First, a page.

For remodelers who want to maximize client satisfaction — and revenue — the local product showroom can be a valuable partner. Many showrooms are staffed by pros who not only know products, but always have a remodeler’s interests in mind.
Showroom staff might also hold certifications from industry organizations such as the National Association of the Remodeling Industry. NARI allows non-remodeler firms to join as associate members and obtain certifications, such as Nick Kress, CRA, UDCP, who is sales manager for Standards of Excellence Appliance and Decorative Plumbing in Sacramento, Calif., and holds two NARI certifications.
Showroom or Consultant
Forming a strong relationship with local showroom staff can be a strategic move akin to working with a consulting firm. Kress’ firm, for example, focuses on appliances and only a little on plumbing. So, if homeowners want help with plumbing, Kress will evaluate their needs and possibly refer them to a plumbing showroom to ensure them the best possible experience.
“It’s my job to look at the long-term relationships and make sure I’m not overreaching our expertise just to make a sale,” he says. “This is a trait that remodelers should look for in a showroom partner — someone who understands and cares about their homeowner and values the relationship more than the sale.”
In addition to making sure a homeowner’s relationship with their remodeler is good, it’s important to ensure they have a good experience. This involves good communication, which is another trait remodelers should look for in a showroom partner. Kress takes pride in his ability to communicate effectively with his remodelers.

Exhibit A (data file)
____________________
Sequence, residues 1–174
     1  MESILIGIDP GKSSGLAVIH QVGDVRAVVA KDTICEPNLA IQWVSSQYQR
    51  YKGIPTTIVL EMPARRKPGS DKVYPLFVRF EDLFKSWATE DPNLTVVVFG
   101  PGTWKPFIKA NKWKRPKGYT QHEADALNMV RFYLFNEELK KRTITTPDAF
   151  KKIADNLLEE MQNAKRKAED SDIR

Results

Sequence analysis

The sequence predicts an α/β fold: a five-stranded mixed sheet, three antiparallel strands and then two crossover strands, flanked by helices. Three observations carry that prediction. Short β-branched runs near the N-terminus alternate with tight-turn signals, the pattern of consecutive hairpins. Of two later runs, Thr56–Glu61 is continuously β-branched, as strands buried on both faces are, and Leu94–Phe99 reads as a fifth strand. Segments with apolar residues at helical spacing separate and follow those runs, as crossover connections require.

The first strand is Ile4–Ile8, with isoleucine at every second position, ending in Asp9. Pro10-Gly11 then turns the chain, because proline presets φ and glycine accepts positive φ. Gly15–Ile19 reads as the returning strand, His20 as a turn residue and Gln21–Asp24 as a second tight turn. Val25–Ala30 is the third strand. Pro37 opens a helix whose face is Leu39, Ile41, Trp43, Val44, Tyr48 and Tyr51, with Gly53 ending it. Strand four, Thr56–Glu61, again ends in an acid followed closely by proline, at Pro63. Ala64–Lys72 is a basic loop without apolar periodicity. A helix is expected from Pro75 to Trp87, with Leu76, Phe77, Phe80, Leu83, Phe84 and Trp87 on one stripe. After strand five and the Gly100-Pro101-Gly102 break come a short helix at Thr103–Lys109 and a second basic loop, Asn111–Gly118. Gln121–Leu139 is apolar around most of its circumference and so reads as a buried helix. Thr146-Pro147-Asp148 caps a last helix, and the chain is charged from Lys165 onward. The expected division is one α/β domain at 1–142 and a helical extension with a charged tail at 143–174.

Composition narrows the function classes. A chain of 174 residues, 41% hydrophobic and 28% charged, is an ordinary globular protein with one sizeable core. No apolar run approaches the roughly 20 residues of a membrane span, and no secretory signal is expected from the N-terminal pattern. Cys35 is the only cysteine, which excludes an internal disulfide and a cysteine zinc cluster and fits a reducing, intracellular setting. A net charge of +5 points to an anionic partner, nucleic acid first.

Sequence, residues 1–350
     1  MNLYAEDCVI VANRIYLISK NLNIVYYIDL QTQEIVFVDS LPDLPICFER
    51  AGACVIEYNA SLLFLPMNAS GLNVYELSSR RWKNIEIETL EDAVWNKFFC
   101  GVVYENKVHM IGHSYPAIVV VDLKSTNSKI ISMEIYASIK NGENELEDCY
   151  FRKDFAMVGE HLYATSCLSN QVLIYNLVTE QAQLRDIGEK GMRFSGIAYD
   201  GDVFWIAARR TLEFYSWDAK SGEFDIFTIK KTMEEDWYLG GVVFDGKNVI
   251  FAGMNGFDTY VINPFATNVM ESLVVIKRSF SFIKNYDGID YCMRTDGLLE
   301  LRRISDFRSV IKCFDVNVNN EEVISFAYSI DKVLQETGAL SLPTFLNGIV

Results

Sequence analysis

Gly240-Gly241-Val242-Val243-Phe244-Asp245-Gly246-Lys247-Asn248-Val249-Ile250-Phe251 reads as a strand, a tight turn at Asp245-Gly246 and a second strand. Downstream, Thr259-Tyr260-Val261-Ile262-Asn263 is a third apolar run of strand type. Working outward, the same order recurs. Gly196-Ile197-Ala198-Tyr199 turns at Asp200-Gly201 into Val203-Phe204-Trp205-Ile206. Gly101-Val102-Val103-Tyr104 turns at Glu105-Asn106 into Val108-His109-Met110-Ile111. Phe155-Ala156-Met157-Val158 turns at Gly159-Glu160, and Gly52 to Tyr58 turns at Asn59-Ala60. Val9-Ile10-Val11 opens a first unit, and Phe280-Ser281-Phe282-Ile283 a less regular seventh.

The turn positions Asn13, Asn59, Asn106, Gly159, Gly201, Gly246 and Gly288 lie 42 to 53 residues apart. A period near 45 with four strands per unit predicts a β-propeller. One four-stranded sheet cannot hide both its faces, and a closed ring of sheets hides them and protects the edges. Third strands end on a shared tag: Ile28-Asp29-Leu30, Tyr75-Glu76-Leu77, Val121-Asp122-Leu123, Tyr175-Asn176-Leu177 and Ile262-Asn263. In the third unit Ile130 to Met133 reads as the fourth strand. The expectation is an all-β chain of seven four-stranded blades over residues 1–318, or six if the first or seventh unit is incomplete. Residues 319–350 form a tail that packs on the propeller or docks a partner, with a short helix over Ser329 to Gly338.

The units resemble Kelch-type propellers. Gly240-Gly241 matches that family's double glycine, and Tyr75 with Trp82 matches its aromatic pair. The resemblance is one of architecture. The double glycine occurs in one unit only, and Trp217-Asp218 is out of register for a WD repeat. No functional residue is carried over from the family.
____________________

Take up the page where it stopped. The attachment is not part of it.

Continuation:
Kress will see homeowners up to six months before they purchase products because he knows how important product specs are to the remodeling process. “I recommend remodelers develop some kind of system with their showroom rep to set up homeowner appointments. If no system exists and homeowners simply drop in, it can prevent them from having the best possible experience. If a remodeler lets me know in advance that homeowners are coming, I can prepare a great experience.”
Kress provides the most unique and beneficial experience possible for both the remodeler and homeowner. “I carry double the concern, but at the same time it gives me two opportunities to do my best. The experience should include timely and correct information for the remodeler. Even if homeowners don’t actually purchase anything for six months or a year down the road, I can account for that by noting that pricing could go up X percent in that time.”
Post-appointment communication is important, too, especially relating to showroom-remodeler relationships. “If I learn that they’re shopping around for other remodelers, I will let my remodeler partner know. I have loyalty to my remodelers.”
Managing the Homeowner
When homeowners change their minds, especially regarding products such as appliances with such large physical ramifications on room layout, Kress consults with the remodeler before official changes are made. “First, I explain to homeowners that a simple change of mind can have big implications on the jobsite, and therefore I’m going to confirm it with the specifier or cabinet shop. I tell them that if the jobsite is not prepared for their change, it could cost thousands of dollars. We need to make sure the change will work and won’t cost them money, or that the homeowner knows exactly what the change will cost,” he says.
“We save time for the specifier because we understand the business from their perspective and how homeowners can affect their plans. When we tell homeowners that we need to clear any changes with the remodeler, it’s not to control the client for control’s sake, but to save the contractor a hassle. My focus is on the specifier and that person’s client.”
Communication is critical to success, and Kress tweaks his communication style to the preferences of the specifier. “The specifier is in control of the project, and he’s the one who sends his client to see me, so that’s the person who needs to control the flow of information. He can make initial contact, or I can. It’s up to him and I do what he wants,” Kress says.